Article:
I had thought that Chancellorsville referred to a town of some description but learned at the visitor centre that it in fact refers to just a single dwelling house.  At the time of the battle, it was occupied by a woman surnamed Chancellor and her daughters.  They found themselves under siege in a burning house during the battle before being rescued and relocated out of harm’s way.  Again, we watched the video which was very informative and once again I almost instantly forgot much of the detail.  What I remember from the reenactment was a sense of complete chaos and scenes of fire raging through the woodland.  It was also the battle that inspired the novel ‘The Red Badge of Courage’.  It was also at Chancellorsville that Stonewall Jackson was shot by friendly fire, which led to the amputation of his left arm, and ultimately to his death from pneumonia a week later.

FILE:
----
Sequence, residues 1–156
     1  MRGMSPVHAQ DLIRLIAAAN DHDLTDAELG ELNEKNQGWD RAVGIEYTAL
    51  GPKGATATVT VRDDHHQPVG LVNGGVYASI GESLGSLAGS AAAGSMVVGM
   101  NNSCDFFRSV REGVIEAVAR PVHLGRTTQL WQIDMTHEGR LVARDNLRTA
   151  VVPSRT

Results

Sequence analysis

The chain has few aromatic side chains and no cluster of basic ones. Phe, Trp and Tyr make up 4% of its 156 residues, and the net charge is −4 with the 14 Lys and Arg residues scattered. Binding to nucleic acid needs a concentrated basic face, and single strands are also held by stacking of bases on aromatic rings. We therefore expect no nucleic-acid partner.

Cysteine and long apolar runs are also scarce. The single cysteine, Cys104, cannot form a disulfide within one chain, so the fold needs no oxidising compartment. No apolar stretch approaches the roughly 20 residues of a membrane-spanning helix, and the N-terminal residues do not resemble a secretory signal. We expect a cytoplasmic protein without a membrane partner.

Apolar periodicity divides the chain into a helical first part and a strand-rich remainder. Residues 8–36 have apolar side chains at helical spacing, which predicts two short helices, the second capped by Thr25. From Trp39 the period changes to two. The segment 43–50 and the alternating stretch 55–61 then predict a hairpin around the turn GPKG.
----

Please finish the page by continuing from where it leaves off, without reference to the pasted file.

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On the subject of Stonewall Jackson, he was the subject of our next quest.  As a fan of “Roadside America”, oddities, and the more obscure tourist attractions, this was the aspect of our day of battlefield touring that most interested me.  A short car journey deposited us at the end of the driveway that led to Ellwood Manor, a house dating from the late 18th Century that was requisitioned as a field hospital during the Civil War.  We were not there, however, to visit a historic building.  Nope.  Instead, we strolled right past the house and down a pretty little path that led to the family cemetery.  Buried in that cemetery was the subject of our quest: Stonewall Jackson’s left arm.  Jackson’s chaplain was the brother of the occupant of Ellwood Manor and, therefore, chose that spot as the final resting place of the General’s amputated limb.  It even has its own headstone, which is more than can be said of any of the entire people buried there.  We found ourselves at the grave of the majority of Stonewall Jackson in the summer of 2016 so it feels like some sort of achievement to have now visited his arm too.  I love all that peculiar and macabre stuff.